Keep cool till after school. Jeez Wayne. Nice one Stu. The money or the bag? You're not in Guatemala now, Doctor Ropata. You know I can't grab your ghost chips. You must always blow on the pie. Those were our people today. New Zealand television would not be what it is, without those magic moments where one person saying a few choice words reached inside the viewer, and held on tight — like the hook to a great song. Sometimes the magic is about unexpected comedy. Sometimes it is about community; often it is about the comfort of the familiar. Here are eight of the best.
It was the food safety advice that echoed across the globe. The late night footage of an Auckland policeman interrogating a suspected car thief on this long-running crime series seemed routine, until conversation shifted to the purchase of a pie at a local service station. The officer's deadpanned response came straight out of left field — and went viral (interestingly, only after a repeat screening of the show was posted online). The 'nek minnit' catchphrase of its day provided global news odd spot fodder, and inspired t-shirts, dubstep tracks and YouTube parodies.
It's in the Bag was a travelling television quiz show, fronted by Selwyn Toogood. Competitors were selected from the audience and had to answer three questions before they could select a bag and bargain for its contents. Toogood's catchphrases, such as, "by hokey!" and, "what'll it be customers, the money or the bag?", have become part of folklore. This 1st June, 1974 episode was telecast from Dunedin's Mayfair Theatre; a Frigidaire ("jet-o-matic") Home Laundry and Pye hi-fi system are on offer amongst the booby prizes. Heather Eggleton is the glam bag lady.
Stu Dennison hosted TV One's children's show Nice One from 1976 to 1978, making the catch phrase "Nice one, Stu" a part of NZ TV legend. This 1978 Christmas show, and final ever Nice One programme, branched out from the show's usual after-school interstitials length to a half-hour special featuring series regulars such as singer/songwriter Steve Allen, and chef Alison Holst (look out for her son and now business partner Simon as a young boy, in their Christmas cooking segment). Stu's corduroy flares and waistcoat ensemble is a 70s delight to behold.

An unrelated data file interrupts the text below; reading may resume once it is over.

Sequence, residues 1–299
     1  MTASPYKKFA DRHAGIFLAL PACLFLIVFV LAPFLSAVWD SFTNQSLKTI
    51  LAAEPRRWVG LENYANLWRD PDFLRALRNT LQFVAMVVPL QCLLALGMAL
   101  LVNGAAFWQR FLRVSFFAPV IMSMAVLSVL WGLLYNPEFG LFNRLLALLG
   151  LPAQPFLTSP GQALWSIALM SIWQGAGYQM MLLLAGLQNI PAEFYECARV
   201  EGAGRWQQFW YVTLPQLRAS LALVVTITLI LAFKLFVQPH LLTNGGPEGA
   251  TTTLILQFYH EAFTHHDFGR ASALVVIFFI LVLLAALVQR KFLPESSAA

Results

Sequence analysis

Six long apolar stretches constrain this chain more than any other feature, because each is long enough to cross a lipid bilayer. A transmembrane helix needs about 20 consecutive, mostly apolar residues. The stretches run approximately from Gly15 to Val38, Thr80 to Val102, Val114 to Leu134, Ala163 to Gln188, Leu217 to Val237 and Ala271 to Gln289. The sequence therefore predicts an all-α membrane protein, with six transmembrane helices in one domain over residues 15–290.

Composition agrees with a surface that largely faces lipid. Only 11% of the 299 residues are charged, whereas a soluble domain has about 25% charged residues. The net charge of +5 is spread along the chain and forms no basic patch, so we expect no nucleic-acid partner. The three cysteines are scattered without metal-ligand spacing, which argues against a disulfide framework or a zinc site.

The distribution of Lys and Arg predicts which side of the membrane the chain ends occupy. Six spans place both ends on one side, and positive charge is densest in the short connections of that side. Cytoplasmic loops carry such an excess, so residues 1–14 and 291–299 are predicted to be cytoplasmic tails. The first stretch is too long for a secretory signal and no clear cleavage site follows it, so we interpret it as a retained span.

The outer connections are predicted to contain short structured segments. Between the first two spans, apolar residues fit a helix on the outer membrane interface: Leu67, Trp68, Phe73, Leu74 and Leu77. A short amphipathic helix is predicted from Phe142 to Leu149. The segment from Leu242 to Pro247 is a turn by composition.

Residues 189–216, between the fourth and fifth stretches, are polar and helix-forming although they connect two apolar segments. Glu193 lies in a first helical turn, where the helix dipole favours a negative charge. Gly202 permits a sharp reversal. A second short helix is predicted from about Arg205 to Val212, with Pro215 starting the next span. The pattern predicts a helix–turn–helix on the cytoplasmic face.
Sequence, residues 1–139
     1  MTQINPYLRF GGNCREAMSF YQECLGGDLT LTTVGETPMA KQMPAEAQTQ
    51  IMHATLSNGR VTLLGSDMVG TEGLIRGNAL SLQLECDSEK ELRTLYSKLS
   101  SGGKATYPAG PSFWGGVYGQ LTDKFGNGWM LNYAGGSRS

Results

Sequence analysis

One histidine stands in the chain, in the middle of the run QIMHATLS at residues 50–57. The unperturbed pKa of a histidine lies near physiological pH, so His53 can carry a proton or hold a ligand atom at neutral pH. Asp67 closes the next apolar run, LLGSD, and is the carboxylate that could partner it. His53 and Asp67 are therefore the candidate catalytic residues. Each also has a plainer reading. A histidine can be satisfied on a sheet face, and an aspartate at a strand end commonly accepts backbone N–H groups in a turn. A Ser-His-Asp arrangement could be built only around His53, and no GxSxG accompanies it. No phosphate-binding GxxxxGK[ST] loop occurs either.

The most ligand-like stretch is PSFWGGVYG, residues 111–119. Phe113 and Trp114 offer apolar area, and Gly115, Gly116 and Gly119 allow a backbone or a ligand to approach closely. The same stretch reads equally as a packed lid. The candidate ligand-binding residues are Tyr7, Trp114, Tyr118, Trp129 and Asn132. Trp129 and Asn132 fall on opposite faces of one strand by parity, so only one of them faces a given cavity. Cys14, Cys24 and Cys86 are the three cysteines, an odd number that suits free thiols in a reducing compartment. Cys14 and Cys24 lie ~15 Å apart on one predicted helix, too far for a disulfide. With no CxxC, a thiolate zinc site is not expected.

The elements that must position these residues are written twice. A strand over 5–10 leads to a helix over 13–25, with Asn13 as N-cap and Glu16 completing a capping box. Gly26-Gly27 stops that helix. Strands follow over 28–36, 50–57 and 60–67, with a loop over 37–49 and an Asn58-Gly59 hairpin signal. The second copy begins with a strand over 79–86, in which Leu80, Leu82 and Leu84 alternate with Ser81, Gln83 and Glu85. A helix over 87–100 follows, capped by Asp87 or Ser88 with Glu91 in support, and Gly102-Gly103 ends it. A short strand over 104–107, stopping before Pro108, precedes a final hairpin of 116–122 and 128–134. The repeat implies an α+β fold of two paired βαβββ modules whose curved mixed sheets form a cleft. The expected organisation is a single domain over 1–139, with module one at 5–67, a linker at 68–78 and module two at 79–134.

The first episode of Shortland Street starts with a pregnant woman being rushed to the clinic after an accident. Only the doctors are all missing. Visiting doctor Hone Ropata (Temuera Morrison), who is soon to join the Shortland Street team, makes the call to deliver the baby. Head nurse Carrie Burton (Lisa Crittenden) disagrees, and proceeds to mention that Dr Ropata is no longer in Guatemala. This first episode of the five night a week soap screened on 25 May 1992. It would go on to become New Zealand's longest running TV drama (but not our first soap — that was Close to Home).
This 2011 anti-drink driving ad campaign became a Kiwi pop cultural phenomenon, spawning countless parodies, memes, t-shirts and over a million YouTube views; phrases from the ad entered the vernacular (“you know I can’t grab your ghost chips”). Eschewing the usual shock and horror tactics, the Clemenger BBDO campaign for the NZ Transport Agency was targeted at young male Māori drivers, and used humour to get the message across that it was choice to stop a mate from driving drunk. Directed by Steve Ayson, it won a prestigious D&AD Yellow Pencil award in 2012.
This final episode of pioneering A Week of It ("NZ's longest running comedy programme — discounting parliament") features a three wise men parody (lost without a Shell road map); pirate Radio Hauraki; and a parliament-themed Cinderella Christmas pantomine, with David McPhail's Muldoon playing the stepmother. Jon Gadsby appears as Dr Groper, an un-PC GP; and God is a guest at an Anglican church in Fendalton. British comic legend Dudley Moore appears briefly in the extended 'best of' credits reel, alongside (Jeez) Wayne and the rest of the Gluepot Tavern lads.
Host of weekday kids' programme After School, Olly Ohlson, was the first Māori presenter to anchor his own children's show, and his catchphrase (with accompanying sign language) "Keep cool till after school" is remembered by a generation of Kiwi kids. The show also broke ground in its use of te reo Māori on screen. This episode sees a game of Maorimind (a te reo test based on Mastermind) and the building of a road-sign for the longest place name in New Zealand - a 85-letter te reo gobstopper that Olly rolls out with aplomb: Taumatawhakatangihangakoauauotamateatu... etc.
In this clip the Holmes show celebrates 15 years on air with a montage of the most notable moments on the show to that point. Memorable clips include chatting with Queen Elizabeth; being kissed by Eve van Grafhorst and Kiri Te Kanawa; Jonah Lomu crying; and Dennis Conner's infamous walkout from the opening episode. Famous guests include Ruby Wax, Geoffrey Palmer, Margaret Thatcher, Rachel Hunter, Sir Peter Blake and many others. Holmes ran for a further six months before it ended in November 2004.